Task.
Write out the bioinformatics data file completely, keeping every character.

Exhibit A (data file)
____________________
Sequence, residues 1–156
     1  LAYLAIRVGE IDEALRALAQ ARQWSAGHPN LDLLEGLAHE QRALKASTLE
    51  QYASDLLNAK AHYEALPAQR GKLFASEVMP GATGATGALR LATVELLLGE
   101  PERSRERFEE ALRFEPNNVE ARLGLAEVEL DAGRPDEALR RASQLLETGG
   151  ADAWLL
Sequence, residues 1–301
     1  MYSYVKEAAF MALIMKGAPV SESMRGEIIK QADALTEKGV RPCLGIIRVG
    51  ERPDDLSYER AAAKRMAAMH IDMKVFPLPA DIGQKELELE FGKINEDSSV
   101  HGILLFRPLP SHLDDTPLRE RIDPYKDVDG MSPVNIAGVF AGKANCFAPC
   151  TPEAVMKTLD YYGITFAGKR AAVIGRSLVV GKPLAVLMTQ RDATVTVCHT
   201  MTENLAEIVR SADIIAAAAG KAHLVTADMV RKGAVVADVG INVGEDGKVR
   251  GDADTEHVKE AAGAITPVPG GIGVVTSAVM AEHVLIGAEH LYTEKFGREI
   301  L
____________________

Sequence, residues 1–156
     1  LAYLAIRVGE IDEALRALAQ ARQWSAGHPN LDLLEGLAHE QRALKASTLE
    51  QYASDLLNAK AHYEALPAQR GKLFASEVMP GATGATGALR LATVELLLGE
   101  PERSRERFEE ALRFEPNNVE ARLGLAEVEL DAGRPDEALR RASQLLETGG
   151  ADAWLL
Sequence, residues 1–301
     1  MYSYVKEAAF MALIMKGAPV SESMRGEIIK QADALTEKGV RPCLGIIRVG
    51  ERPDDLSYER AAAKRMAAMH IDMKVFPLPA DIGQKELELE FGKINEDSSV
   101  HGILLFRPLP SHLDDTPLRE RIDPYKDVDG MSPVNIAGVF AGKANCFAPC
   151  TPEAVMKTLD YYGITFAGKR AAVIGRSLVV GKPLAVLMTQ RDATVTVCHT
   201  MTENLAEIVR SADIIAAAAG KAHLVTADMV RKGAVVADVG INVGEDGKVR
   251  GDADTEHVKE AAGAITPVPG GIGVVTSAVM AEHVLIGAEH LYTEKFGREI
   301  L